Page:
Jazz up Your Menus with Exotic Fruits
Fresh fruits are a delight in any menu and an important contribution to a nutritionally balanced diet. Do you ever wish that you could add some new or unusual fruits to your diet? Fresh fruits from New Zealand, such as passion fruit, feijoa, tamarillo and Kiwano melons may be just what you need. Recipes using these fruits will jazz up your meals and expand your culinary repertoire.
New Zealand's rich volcanic soil and temperate climate are ideal for growing exotic fruits. In the past, the only way to sample them was to travel to New Zealand, but, thanks to overnight international shipping, luscious exotic fruits from all over the world are more easily accessible. Today, many grocery stores and ethnic markets provide a wide array of unusual fruits, especially in larger cities that have large ethnic populations.
The egg-shaped green Feijoa (fay-ZHWAH-uh) (also known as pineapple guava) resembles a fuzzless kiwi fruit. Native to South America, the feijoa belongs to the same family as guava, cloves and eucalyptus. Its cream-colored flesh is sweet and fragrant with a texture like that of a pear. To prepare feijoa, cut it in half and remove the flesh with a spoon. Depending on the fruit's maturity, the skin may be bitter; it is easily removed with a knife or vegetable peeler.
Originally from the Andean region of South America, the Tamarillo (also known as the "tree tomato") looks like an elongated plum. It comes in two varieties: red (purplish-red or crimson skin with orange-colored flesh) or gold (golden-orange with yellowish flesh). Although the skin is inedible, the firm flesh has a sweet-tart flavor that makes it suitable to eat as a fruit or vegetable.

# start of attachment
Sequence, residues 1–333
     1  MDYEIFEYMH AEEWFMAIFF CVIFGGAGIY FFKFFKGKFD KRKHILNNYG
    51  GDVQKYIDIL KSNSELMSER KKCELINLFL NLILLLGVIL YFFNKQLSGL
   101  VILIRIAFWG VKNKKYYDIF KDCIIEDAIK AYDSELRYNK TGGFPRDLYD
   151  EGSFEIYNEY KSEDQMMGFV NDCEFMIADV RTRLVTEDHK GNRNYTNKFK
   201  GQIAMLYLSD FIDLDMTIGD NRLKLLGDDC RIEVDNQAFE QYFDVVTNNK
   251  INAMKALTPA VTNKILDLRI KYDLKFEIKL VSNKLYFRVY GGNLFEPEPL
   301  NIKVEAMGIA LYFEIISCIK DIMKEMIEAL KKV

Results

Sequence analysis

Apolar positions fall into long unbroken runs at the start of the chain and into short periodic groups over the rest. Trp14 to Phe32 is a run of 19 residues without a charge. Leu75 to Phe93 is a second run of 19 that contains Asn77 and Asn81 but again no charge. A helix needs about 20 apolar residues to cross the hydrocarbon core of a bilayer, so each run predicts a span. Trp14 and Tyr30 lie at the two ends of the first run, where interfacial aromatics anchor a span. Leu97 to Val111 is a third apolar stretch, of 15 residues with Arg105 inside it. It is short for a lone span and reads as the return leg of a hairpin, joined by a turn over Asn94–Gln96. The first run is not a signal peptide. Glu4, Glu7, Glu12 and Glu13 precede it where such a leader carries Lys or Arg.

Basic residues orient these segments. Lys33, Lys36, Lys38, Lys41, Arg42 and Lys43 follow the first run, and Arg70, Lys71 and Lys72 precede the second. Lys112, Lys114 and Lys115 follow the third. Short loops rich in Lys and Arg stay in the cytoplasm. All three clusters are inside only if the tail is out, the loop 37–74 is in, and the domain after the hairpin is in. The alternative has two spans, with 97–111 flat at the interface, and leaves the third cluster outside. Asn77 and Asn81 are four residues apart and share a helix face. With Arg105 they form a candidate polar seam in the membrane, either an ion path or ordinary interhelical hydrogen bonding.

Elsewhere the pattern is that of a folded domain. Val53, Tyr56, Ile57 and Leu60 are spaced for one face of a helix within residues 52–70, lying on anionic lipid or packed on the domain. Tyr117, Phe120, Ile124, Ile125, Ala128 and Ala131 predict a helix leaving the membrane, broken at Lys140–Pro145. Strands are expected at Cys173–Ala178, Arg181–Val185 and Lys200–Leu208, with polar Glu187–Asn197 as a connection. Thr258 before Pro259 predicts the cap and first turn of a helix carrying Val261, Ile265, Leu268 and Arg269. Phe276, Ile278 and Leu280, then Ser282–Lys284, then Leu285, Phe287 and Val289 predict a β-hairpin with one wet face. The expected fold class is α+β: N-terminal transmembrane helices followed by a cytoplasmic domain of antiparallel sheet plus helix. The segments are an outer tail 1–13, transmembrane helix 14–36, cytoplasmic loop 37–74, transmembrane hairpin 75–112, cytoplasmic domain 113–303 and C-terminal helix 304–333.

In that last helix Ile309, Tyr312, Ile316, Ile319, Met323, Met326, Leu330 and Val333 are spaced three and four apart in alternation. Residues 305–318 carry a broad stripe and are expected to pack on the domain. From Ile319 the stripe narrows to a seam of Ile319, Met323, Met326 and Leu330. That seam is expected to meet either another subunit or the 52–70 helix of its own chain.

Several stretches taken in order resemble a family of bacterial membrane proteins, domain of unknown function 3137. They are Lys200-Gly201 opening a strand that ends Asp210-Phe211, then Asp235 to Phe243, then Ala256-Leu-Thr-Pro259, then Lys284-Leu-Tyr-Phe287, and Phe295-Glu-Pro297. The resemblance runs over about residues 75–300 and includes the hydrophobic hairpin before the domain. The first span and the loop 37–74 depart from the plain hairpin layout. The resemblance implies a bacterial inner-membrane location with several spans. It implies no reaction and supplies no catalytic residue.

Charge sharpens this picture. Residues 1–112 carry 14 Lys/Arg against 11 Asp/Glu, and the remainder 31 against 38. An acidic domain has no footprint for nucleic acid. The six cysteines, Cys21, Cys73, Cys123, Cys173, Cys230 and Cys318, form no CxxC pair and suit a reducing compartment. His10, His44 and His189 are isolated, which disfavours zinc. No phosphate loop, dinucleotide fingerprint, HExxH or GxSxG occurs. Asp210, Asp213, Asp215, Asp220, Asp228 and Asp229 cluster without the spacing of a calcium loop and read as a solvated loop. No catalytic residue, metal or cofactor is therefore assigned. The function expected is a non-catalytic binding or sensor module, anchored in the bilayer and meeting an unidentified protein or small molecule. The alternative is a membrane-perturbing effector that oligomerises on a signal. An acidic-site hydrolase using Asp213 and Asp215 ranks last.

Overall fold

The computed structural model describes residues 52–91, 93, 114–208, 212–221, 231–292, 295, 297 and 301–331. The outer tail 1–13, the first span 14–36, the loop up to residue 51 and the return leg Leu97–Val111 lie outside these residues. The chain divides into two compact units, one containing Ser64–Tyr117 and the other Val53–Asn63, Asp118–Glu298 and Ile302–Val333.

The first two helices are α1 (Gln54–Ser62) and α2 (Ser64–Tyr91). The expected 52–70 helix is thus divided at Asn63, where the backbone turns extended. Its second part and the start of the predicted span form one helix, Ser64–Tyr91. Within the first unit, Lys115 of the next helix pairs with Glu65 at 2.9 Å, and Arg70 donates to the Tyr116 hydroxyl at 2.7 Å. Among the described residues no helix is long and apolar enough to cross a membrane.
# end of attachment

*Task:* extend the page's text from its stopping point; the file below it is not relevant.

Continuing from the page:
New Zealanders prepare tamarillos by cutting off the top, then simply squeezing out the flesh. You may also peel the skin with a knife. Rich in vitamins A and C, you can eat fresh tamarillos out of hand or substitute them for tomatoes in salads or salsas. Pureed, sweetened tamarillos are also delightful on ice cream, sorbet or yogurt.
You may already be familiar with Kiwano horned melons. Their unusual spiked shell has made them commonplace on some sci-fi television series. Related to melons and squash, Kiwanos (also called African horned melons) originated in Southwest Africa. Golden bright orange when ripe, Kiwanos have white seeds encased in juicy green pulp. Its shape is oblong and reaches 4 to 6 inches in length. The fruit is slightly tart with a subtle taste similar to cucumber or honeydew melon. Kiwanos have a long shelf life (around two weeks) and are best if stored at room temperature.
The outer spiky skin of Kiwanos can serve as a decorative serving bowl and the pulp makes a colorful dressing for fruit, seafood, poultry or vegetable salads. For an exotic drink, you can blend the pulp, strain it to remove the seeds, add a squeeze of citrus juice, then mix it with orange- or melon-flavored liqueur. Kiwanos are very low in calories and sodium. They are also a good source of vitamin C and iron and provide twice as much potassium as bananas.
Passion fruit is probably the best known of the exotic fruits and is especially popular on restaurant dessert menus. It's a round, small fruit that is approximately the size of a large egg and has a purple-brown wrinkled skin. The edible seeds and jelly-like, yellowish-green flesh have a rich, unforgettable fragrance and tart flavor that infuses beverages, salads, sorbets and chutneys with a tropical flair. Passion fruit is actually ripe when the skin is wrinkled and looks old. To prepare it, simply cut in half and scoop out the flesh with a spoon.
To make passion fruit juice, simply blend the pulp and seeds, strain the mixture through a fine strainer, discard the seeds and chill. Add this juice to orange juice, punch, tropical smoothies, sauces, pastry fillings, cake frosting, baked goods, fruit salads, sorbets or ice creams. Passion fruit is very low in calories, and it contains vitamins A and C and potassium.
The next time you're shopping in your local market, take a look at these exotic fruits first hand. You'll discover the fun of trying a new food and be able to take your family on a New Zealand culinary adventure without ever leaving home.
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